Germanics Alum, Lokela Alexander Minami (BA, 2010), on Learning Languages and Global Citizenship

Submitted by Stephanie N. Welch on

Lokela Alexander Minami (Double BA 2010, German and Political Science, cum laude, MA 2012 International Studies: Middle East)

“Was? Spinnst du?” Had my family members been able to speak German, that might have been their reaction when I confessed to them that I had chosen to major in Germanics. But since they only know that mutant cousin of German called “English,” I had to settle for something more like this: “Um, okay... So what exactly do you plan to do with that?” Which, granted, is a valid question in this utilitarian age of ours, and one that I’m sure many undergraduates are agonizing over at this very moment.

In my family’s defense, I have to admit that Germanics was a pretty unconventional choice for a person of no German ancestry who was born and raised in Hawaii. It was also never part of the original starry-eyed plan that I had sold them on, which was to study Political Science and then go to law school and become rich. (All together now, you know the lyrics—“And they’re all made out of ticky-tacky….”) But as a Prussian field marshal once said, no battle plan survives first contact with the enemy. Since my battle plan required me to take one year of a foreign language, as ordered by the College of Arts and Sciences, I chose to satisfy that requirement by taking German.

I’m not sure what exactly possessed me to choose German, but I suspect that like many other non-heritage learners, I was strongly attracted to it out of a natural predilection for (1) having alles in Ordnung, for which German seemed somehow very fitting; and (2) spending the occasional Feierabend in the Biergarten (if you know what I mean), and everyone knows that German is the international language for that. I of course was also aware, and became even more aware over time, that knowledge of German conferred access to a whole Gesamtkunstwerk of Western cultural heritage, from philosophy and the sciences to literature and fine art. That awareness was only reinforced when I traveled with the Germanics Department to Vienna, Austria in the spring of 2008, where I became rapt by all the art and splendor of the former imperial capital (not to mention the Heurigen). The experience made such an impression on me that I decided then that I would go all-in and declare myself as a Germanics major.

I collected my degree in 2010, after much slogging through Goethe, Schiller, and Lessing, and afterward I stayed on at the University of Washington to get a master’s degree in Middle East Studies—yet another unconventional choice for a now German-speaking Native Hawaiian. But over my four years of studying both Germanics and International Relations as an undergraduate, I realized that my heart lay not so much in the law (or financial abundance) as in global affairs. And where better to test your mettle in that field than in the ever-shifting sands of the Middle East? So after two more years of Sitzfleisch and a brief interlude in revolution-torn Cairo (I thought it would be good fun to go and practice my Arabic), I collected my second degree and boldly set out to claim my place among the movers and shakers of the world.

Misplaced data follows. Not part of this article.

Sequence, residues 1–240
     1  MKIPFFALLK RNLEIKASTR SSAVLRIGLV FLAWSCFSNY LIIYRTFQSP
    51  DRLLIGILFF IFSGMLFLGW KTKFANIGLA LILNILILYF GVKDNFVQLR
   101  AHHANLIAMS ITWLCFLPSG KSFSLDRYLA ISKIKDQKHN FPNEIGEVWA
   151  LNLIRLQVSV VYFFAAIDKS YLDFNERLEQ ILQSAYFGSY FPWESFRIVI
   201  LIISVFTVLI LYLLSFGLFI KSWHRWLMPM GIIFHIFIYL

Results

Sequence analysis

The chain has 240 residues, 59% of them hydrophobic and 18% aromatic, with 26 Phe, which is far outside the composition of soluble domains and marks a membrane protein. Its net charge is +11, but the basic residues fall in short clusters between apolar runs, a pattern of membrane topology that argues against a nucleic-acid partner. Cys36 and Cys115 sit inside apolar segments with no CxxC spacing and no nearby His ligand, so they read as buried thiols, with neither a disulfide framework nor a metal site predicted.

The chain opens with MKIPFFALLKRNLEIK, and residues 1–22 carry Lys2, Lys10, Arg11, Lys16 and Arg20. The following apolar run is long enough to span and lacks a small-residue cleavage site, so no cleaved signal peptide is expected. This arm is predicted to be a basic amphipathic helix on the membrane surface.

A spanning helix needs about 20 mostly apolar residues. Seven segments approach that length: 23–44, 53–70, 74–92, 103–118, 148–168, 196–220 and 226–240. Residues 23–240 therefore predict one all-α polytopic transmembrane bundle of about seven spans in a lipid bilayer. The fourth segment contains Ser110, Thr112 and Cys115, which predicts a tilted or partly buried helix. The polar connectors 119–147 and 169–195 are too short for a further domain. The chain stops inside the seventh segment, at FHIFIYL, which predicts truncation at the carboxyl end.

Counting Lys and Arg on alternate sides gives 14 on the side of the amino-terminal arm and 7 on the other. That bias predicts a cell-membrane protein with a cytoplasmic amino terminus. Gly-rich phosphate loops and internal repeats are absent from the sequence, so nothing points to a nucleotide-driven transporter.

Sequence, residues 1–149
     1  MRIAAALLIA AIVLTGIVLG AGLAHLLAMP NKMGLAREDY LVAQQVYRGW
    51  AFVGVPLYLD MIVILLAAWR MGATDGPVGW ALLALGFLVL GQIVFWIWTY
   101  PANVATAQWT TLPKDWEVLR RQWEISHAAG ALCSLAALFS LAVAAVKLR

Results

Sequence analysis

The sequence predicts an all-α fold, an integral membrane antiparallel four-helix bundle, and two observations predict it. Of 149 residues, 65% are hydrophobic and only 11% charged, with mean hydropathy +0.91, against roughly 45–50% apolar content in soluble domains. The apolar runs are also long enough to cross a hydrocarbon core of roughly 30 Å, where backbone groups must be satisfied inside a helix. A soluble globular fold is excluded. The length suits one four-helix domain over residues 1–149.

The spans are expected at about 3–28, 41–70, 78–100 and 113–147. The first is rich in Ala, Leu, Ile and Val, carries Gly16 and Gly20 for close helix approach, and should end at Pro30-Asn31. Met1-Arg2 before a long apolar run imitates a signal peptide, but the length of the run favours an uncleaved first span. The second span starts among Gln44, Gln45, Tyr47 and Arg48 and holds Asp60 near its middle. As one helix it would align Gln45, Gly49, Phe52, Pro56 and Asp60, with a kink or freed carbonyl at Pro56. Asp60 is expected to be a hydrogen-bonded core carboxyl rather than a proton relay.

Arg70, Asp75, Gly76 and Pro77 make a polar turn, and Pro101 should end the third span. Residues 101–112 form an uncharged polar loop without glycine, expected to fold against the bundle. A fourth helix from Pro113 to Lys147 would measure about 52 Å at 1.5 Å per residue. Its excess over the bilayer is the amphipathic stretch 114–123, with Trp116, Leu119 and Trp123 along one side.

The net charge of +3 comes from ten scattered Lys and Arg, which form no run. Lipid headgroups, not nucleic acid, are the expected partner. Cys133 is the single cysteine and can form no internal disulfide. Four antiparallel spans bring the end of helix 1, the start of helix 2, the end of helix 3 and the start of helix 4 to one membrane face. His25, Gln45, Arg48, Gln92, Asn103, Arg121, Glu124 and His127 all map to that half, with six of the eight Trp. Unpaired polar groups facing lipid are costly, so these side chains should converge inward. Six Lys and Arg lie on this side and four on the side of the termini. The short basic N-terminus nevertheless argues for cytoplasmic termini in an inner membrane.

Except—there had just been a Great Recession, and coffee shops and retail stores were teeming with employees who had even more diplomas than me. I too wandered the wilderness of Weltschmerz for a while, but eventually fortune smiled on me and spared me from any desperate deals with Mephisto, and I found myself in a job that couldn’t fit my passions and interests more perfectly.

I am now the Director of Operations at OneWorld Now!, an international education non-profit in Seattle that teaches after-school Arabic and Chinese language classes in the Seattle Public Schools. We also hold weekly youth leadership workshops, an annual youth-led global action conference, and intensive summer language camps, and we offer summer study abroad scholarships so that our students can take their newfound language and leadership skills and transform themselves into citizen diplomats in the Middle East and China. And best of all, because nearly all of our students come from underserved backgrounds, the program is almost entirely free.

So now you’re probably wondering how it is exactly that my degree in Germanics helped me soar to these lofty heights. I have two answers, one of them short (a college friend who spoke German recommended me for it), and one of them long. I’ll spare you the full version of the long answer, but the short version of the long answer is that learning how to speak German, as well as traveling to Germany and Austria, meant that I could no longer go about life pretending that I lived in a small, provincial world and that I was limited to making a difference only in my immediate physical surroundings. In other words, I could never un-realize that I, along with everyone else in the world, was part an interconnected global community, and that this community could only be strengthened by the empathy and understanding that is garnered through language-learning, travel, and people-to-people connections.